Pharyngotonsillitis: A Quick Review

Sydney Correia Leao*

Pharyngotonsillitis: A Quick Review.

Tonsils and adenoids are part of the lymphoid system that surrounds the
pharynx and
are involved in humoral and cellular immunity. The tonsils are
incomplete encapsulated
aggregates of lymphoid nodules, arranged below and in contact with the
epithelium of the initial
portions of the digestive and respiratory tract.

Because of its location, these tonsils come into constant
contact with inhaled or swallowed microorganisms, becoming
targets for infection.

Pharyngotonsillitis or Sore Throat is a self-limiting infection
usually confined to the
posterior pharynx, tonsils, soft palate and posterior lymph nodes
of the lymphatic
ring of Waldeyer that drain into the posterior cervical region.

The STs are transmitted from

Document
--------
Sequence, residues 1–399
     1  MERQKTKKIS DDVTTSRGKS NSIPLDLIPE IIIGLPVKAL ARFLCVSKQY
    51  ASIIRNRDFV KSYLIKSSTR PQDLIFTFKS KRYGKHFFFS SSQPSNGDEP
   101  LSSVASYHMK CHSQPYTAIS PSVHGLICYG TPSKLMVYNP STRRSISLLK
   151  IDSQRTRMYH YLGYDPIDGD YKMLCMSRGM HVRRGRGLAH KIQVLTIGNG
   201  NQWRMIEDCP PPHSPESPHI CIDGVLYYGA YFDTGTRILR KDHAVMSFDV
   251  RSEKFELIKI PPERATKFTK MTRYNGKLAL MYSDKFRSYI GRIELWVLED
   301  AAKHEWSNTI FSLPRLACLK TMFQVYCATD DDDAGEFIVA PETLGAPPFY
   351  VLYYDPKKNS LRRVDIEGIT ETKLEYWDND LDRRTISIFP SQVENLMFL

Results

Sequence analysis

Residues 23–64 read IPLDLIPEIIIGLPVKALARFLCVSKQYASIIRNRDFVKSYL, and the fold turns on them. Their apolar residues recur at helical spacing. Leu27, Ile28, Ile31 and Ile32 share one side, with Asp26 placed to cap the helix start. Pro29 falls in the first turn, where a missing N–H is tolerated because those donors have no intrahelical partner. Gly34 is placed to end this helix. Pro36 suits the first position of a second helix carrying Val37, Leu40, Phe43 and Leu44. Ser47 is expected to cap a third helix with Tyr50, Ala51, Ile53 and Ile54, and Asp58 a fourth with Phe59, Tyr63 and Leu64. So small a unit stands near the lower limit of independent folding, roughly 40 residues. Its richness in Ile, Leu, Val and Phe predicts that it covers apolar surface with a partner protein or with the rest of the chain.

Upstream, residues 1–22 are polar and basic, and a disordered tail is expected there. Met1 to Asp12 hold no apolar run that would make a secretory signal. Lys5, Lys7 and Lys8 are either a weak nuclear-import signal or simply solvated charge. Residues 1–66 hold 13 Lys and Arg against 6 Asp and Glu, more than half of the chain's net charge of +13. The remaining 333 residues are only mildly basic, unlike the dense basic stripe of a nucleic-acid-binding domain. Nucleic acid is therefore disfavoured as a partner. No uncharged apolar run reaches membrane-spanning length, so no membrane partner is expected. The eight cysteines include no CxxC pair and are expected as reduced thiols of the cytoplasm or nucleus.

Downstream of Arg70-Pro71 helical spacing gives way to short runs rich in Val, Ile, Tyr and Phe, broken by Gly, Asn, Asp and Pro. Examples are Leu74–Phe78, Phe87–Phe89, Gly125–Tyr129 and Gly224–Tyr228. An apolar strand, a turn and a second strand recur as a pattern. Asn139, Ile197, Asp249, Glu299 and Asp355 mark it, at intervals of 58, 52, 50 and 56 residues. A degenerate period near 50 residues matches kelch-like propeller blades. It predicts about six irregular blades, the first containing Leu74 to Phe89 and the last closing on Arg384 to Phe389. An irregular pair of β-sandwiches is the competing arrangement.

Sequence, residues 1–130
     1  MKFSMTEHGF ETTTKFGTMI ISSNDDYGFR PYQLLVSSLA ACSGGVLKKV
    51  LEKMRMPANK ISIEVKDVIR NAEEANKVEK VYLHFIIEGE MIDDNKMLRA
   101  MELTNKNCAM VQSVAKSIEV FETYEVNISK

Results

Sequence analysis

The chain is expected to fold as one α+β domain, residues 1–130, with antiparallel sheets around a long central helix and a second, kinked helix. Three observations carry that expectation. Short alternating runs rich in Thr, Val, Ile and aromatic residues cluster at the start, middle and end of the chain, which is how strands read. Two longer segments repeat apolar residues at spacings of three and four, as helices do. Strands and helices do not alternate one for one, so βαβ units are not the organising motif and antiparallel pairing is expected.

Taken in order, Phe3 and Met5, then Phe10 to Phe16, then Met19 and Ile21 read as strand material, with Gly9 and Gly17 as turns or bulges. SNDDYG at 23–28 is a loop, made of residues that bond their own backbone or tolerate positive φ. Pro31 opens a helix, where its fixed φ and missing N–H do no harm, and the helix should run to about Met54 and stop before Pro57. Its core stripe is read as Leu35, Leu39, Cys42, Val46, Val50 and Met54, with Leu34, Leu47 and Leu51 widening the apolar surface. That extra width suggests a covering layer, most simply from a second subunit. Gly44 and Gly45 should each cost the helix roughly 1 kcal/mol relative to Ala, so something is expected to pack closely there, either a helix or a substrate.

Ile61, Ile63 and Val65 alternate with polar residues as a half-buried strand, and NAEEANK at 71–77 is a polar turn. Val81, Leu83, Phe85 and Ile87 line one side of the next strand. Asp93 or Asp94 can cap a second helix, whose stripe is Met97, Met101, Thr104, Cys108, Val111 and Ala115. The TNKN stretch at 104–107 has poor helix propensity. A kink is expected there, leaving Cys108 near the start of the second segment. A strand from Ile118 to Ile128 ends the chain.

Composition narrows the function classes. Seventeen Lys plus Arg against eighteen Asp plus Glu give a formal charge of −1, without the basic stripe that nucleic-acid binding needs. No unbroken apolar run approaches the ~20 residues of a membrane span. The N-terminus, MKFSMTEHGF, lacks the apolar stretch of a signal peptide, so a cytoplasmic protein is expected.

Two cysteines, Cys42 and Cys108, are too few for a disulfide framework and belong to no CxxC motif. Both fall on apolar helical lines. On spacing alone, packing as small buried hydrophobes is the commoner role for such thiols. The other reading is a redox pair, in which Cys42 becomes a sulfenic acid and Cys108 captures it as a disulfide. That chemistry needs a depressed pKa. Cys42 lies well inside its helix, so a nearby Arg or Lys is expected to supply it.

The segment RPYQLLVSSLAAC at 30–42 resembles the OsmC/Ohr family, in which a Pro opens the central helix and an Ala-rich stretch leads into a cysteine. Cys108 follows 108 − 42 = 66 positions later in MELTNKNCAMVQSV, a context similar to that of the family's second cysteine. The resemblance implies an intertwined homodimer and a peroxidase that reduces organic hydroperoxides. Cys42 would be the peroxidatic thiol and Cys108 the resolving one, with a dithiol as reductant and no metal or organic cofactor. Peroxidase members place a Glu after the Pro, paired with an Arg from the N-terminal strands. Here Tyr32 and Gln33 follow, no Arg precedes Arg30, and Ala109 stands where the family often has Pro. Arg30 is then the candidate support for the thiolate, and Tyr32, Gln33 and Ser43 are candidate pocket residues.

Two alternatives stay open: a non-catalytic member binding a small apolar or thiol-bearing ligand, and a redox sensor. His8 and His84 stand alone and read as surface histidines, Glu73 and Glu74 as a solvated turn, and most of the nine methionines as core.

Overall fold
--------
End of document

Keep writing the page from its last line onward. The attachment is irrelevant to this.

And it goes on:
person to person, and the nasopharynx and
oropharynx are the main foci of microorganisms colonization.

The rate of acute PT incidence was recorded in a
study carried out in Portugal by Simões, et al.

The incidence of acute sore throat was
3,651.1/105 for the age group of 0 to 4
years; and 3,440.3/105 for the age group of 5 to 9 years
and 2,020/105 for the age group of 10
to 14 years.

Sore throats are common in children, and in most cases
they are viral. The most
common bacterial agent is β-hemolytic Group A Streptococcus
corresponding to 15% to
20% of cases in children and adolescents.

In cultures of pharyngeal exudate, it was
found other serogroups
of ß-hemolytic streptococcus, such
as B, C, F and G and there are reports of pharyngitis caused by these
groups, especially the C and G.

Otolaryngol Open J. 2015; 1(1): 18-19. doi: 10.17140/OTLOJ-1-105